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I'm currently doing a project where I need to create two data structures that will be used to contain strings. One of them has to be a form of linked list, and I've been adivsed to seperate the words out into seperate lists inside of it for each letter of the alphabet. I'm required to think about efficiency so I have an array of Head pointers of size 26, and am wanting to convert the first character of the word given into an integer so I can put it into the subscript, such as:

//a string called s is passed as a parameter to the function
int i = /*some magic happens here*/ s.substr(0, 1);
currentPointer = heads[i]; //then I start iterating through the list

I've been searching around and all I've seemd to have found is how to covert number characters that are in strings into integers, and not letter characters, and am wondering how on earth I can get this working without resorting to a huge and ugly set of if statements

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4 Answers 4

up vote 0 down vote accepted

In this case, you don't seem to need atoi or itoa (neither is going to do anything very useful with, for example, J). You just want something like:

int i = tolower(s[0])-'a';

In theory that's not portable -- if there's any chance of the code being used on a machine that uses EBCDIC (i.e., an IBM or compatible mainframe) you'll want to use something like 'z'-'a' as the size of your array, since it won't be exactly 26 (EBCDIC includes some other characters inserted between some letters, so the letters are in order but not contiguous).

Probably more importantly, if you want to support languages other than English, things change entirely in a hurry -- you might have a different number of letters than 26, they might not all be contiguous, etc. For such a case your basic design is really the problem. Rather than fixing that one line of code, you probably need to redesign almost completely.

As an aside, however, there's a pretty good chance that a linked list isn't a very good choice here.

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I will say that despite not being relevant in this specific situation (the project is university coursework, and I decided to use this method of selecting the subscript because I'm being tested on efficiency, and we're required to use a linked list for half of it), I shall take note of the rest of your comments and I greatly appreciate the help –  James Czerwik-Hampshire Feb 25 '13 at 2:42

I think you are confusing values with representations. "Ten" "10" and "1 1 1 1 1 1 1 1 1 1" are all the same value, just represented differently.

I've been searching around and all I've seemd to have found is how to covert number characters that are in strings into integers, and not letter characters

There's no difference. Characters are always represented by integers anyway. It's just a matter of representation. Just present the value the way you want.

By the way, this is a key concept programmers have to understand. So it's worth spending some time thinking about it.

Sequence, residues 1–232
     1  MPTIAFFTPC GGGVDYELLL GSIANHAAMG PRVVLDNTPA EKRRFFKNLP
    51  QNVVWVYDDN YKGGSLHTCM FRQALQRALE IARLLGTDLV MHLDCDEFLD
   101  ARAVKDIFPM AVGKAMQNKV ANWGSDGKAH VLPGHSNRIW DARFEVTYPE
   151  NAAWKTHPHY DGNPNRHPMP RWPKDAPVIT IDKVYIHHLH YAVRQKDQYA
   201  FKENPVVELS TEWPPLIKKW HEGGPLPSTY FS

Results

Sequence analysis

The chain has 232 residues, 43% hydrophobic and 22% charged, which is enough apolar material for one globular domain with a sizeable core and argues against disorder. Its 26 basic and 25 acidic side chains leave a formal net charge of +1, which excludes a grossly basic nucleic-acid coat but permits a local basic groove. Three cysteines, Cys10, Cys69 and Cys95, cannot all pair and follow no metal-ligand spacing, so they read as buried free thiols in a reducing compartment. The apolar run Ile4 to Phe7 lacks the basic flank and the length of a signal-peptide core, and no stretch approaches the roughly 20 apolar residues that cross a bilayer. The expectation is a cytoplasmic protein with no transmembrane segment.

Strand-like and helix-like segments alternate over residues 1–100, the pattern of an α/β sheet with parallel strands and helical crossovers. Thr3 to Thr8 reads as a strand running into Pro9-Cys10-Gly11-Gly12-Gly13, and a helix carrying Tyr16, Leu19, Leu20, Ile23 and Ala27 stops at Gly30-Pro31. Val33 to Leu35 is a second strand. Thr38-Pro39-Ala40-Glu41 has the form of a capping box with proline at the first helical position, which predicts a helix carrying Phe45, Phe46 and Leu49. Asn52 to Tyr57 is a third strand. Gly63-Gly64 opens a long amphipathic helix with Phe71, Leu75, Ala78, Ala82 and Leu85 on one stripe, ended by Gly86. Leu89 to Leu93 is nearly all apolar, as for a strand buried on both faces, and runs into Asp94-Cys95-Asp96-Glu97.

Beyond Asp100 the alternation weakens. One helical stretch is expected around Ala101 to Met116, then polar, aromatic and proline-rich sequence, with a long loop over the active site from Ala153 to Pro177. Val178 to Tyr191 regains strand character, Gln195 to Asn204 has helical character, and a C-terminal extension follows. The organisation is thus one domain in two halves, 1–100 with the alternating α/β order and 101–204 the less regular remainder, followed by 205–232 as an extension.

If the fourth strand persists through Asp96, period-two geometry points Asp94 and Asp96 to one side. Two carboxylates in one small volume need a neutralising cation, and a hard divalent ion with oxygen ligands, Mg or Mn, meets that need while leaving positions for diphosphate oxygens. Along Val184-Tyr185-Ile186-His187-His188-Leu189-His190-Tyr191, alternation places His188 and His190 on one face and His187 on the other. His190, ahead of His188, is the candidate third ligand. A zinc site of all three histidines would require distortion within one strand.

A classic example of this misunderstanding is a question like "I have a variable i that has some value in decimal. How can I make it store a value in hex?" Of course that makes no sense, it stores values and hex and decimal are representations. If you have ten cars, you have ten in cars, not in decimal or hex. If i has the value ten, then the value ten is in i, not a representation of ten in decimal or hex.

Of course, when you display the value stored in i, you have to choose how to represent it. You can display it as ten, or 10, | | | | | | | | | | |, or whatever.

And you might have a string that has a representation of the value "ten" in hex, and you might need to assign that value to a variable. That requires converting from a representation to the value it represents.

There are input and output functions that input and out values in various representations.

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+1 for emphasizing the difference between value and representation. –  Thomas Matthews Feb 22 '13 at 18:15

When you are setting i to the value of the first character, you are getting the ASCII value. So i is out of your 0-25 range : See man ascii You can reduce it by substraction of the first alaphabet ascii letter. (Be care full with the case)

 std::string   s("zoro");
 int   i = s[0];

 std::cout << "Ascii value : " << i << " Reduced : " << i - 'a' << std::endl;

Which produce the ASCII value 'z' = 112 and 25 for the reduced value, as expected.

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See also std::toupper() and std::tolower() to convert before comparing. This will eliminate the need to check against both upper and lower case as well as simplfy the math. –  Thomas Matthews Feb 22 '13 at 18:14

I suspect you want to convert digits stored in strings as characters to integers, e.g. character '9' to integer 9.

In order to do so:

char c = '9';
int x = c - '0';

That will work regardless of whether you have a computer using ASCII or EBCDIC...

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